The battle is generally portrayed as a domestic ideological affair that pits true believers in unregulated markets (at least on this issue) against true believers in business. Yet the context inescapably includes other exporting economies, particularly in emerging markets. The stakes for the Exim Bank’s defenders have only been raised by the aggressive use of similar export credit agencies (ECAs) by emerging economies and most particularly China. It remains remarkable that the same US Congress that regularly inveighs against unfair Chinese export competition is also contemplating abolishing the agency that may help redress the balance.
Continue reading »
By Qu Hongbin, Co-Head of Asian Economic Research, HSBC
For many, China’s growth model, which has delivered average annual GDP growth of 10 per cent over the past three decades, simply looks wrong: a national savings rate of around 50 per cent is unheard of in a large, modern economy.
A typical diagnosis states that China invests too much and consumes too little. The prescription is “rebalancing” – moving the economy away from investment towards consumption-led growth. However, a consumption-led growth model has little in theory or evidence to support it. Continue reading »
By Nicholas Borst, Peterson Institute for International Economics
There has been a significant amount of buzz regarding the rapid growth of internet finance in China. The scope of internet financial products includes money market funds, insurance products, third-party payment platforms, peer-to-peer (P2P) lending, and other more exotic investment products. In other words, internet finance is springing up largely beyond the remit of the traditional banks.
The pace of growth has been rapid enough to inspire fear and resentment on the part of the banks even though the total amount of money invested in internet financial products is still small relative to the enormous size of the traditional financial sector. The emergence of internet finance in China raises several key questions: What is behind the growth of internet finance? What are the risks and benefits from investing in these products? And what will the impact be on the rest of the financial system? Continue reading »
More bad news for China’s property market. Not only is the People’s Daily quashing hopes for a real estate stimulus, but data from 42 of the country’s most significant cities is showing a declining trend for property sales in the first half of June.
Home sales from the 42 cities, monitored by China Confidential, fell 16 per cent in the first 15 days of the month from the same period in May. This followed some signs of recovery in May, when transactions rose 4 per cent month on month.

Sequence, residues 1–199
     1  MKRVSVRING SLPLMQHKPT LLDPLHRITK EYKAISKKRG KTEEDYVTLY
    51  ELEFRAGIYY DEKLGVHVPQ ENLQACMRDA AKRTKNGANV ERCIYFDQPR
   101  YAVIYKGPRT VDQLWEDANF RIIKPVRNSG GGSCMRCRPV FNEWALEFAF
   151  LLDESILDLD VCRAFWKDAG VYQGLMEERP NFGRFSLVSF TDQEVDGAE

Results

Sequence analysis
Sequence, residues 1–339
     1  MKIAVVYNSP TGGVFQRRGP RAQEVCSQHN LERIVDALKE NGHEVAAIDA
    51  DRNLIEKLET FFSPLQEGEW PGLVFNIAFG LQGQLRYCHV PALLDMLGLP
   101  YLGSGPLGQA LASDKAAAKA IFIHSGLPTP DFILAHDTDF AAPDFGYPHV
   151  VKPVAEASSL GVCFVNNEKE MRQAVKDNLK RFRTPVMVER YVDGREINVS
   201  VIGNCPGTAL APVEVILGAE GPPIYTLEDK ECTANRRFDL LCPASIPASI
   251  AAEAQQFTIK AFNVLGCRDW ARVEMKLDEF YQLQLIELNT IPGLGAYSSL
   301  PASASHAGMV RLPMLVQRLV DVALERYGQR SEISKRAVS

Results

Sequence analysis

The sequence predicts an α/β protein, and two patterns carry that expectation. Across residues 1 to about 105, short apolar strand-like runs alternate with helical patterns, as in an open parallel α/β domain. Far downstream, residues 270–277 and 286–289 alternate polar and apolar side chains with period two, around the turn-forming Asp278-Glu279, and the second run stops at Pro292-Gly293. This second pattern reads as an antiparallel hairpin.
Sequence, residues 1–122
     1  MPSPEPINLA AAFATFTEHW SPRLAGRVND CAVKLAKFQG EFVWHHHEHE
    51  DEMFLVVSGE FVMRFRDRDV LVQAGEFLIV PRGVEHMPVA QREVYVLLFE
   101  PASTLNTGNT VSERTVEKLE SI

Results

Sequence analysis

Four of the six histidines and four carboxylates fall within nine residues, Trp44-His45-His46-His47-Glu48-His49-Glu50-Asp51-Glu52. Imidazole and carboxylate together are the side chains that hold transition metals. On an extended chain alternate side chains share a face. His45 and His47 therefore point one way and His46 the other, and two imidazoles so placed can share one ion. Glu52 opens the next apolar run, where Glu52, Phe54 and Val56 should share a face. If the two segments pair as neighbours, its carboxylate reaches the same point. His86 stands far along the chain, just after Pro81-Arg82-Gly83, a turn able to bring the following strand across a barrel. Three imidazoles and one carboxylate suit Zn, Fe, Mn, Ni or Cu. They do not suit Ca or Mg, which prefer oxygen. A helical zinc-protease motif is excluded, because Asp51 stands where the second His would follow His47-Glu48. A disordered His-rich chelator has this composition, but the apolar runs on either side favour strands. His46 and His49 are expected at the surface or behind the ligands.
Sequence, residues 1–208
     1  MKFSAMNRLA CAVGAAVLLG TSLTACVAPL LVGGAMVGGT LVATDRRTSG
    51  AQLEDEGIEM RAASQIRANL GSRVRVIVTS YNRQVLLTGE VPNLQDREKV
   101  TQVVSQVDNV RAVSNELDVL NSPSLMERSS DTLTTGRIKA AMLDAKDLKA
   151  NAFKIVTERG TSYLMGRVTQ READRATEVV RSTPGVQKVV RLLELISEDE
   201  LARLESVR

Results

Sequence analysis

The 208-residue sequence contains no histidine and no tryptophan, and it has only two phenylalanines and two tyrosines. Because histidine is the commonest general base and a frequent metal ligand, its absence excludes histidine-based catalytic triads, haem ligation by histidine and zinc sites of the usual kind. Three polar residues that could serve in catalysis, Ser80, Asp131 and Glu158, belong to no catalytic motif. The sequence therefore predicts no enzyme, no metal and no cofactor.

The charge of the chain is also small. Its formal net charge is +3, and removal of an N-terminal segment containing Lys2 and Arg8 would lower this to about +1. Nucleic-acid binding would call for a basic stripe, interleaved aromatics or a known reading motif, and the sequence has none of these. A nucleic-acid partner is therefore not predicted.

On a year on year basis, property unit sales fell 29 per cent, representing a deepening of the declining trend seen in May – when sales were down 14 per cent year on year – and in April, when sales were down 23 per cent. Continue reading »
By Joel Backaler, Author of “China Goes West”
On a recent trip to London, I was shocked at how much evidence of corporate China was all around me. As I rode in a black cab, I remembered that Geely, a Chinese firm that acquired Volvo in 2010, had bought iconic British cab producer Manganese Bronze in 2013. Arriving at Heathrow, I recalled that China’s sovereign wealth fund, the China Investment Corporation, owns 10% of the firm that operates the international airport. In line at the gate, I stared at a giant display for a laptop by Lenovo, the Chinese firm that made headlines in 2005 for acquiring IBM’s ThinkPad brand.
In only a few short years, Chinese companies have gone West in a big way. However, many questions remain about what drives Chinese firms to expand beyond the boundaries of the Middle Kingdom, and what the ultimate costs and benefits of their global investments will be. Continue reading »
With the benefit of hindsight it is always easy to identify the signs of an impending crisis.
Today it seems perfectly obvious that high-profile loss-making pet food websites will eventually go bust and that giving mortgages to people who cannot pay them back is not a sustainable business model.
Along with such leading indicators of looming disaster I would add another – the conversion of bearish commentators and economists into newly-minted optimists. Continue reading »
By Stephen Green, Standard Chartered Bank
Dangerous things can lurk in the shadows of a financial system. We know this because when the US banking system almost burnt down in 2008, the stuff in the shadows was the fire’s accelerant. The highly-leveraged, off-balance sheet vehicles loaded with securitised debt meant made the banking crisis were far worse than it would have otherwise been.
Knowing the problems that lurked in the US, the idea of shadow banking in China freaks people out. The sector seems to have grown fast, in an economy already known for its tendency for asset bubbles and bad lending. We have spent time poking around in the shadows. We believe that much of the fear is misplaced. Continue reading »
The ingenuity of Chinese netizens seeking to commemorate the 1989 Tiananmen massacre in defiance of the country’s “Great Firewall” of censorship is reaching new heights.
Armed with little but the remarkable flexibility of Chinese characters, the more daring among 618m internet users are finding an endless string of linguistic ruses to outfox – at least temporarily – the world’s most formidable forces of online control to get their messages out. Continue reading »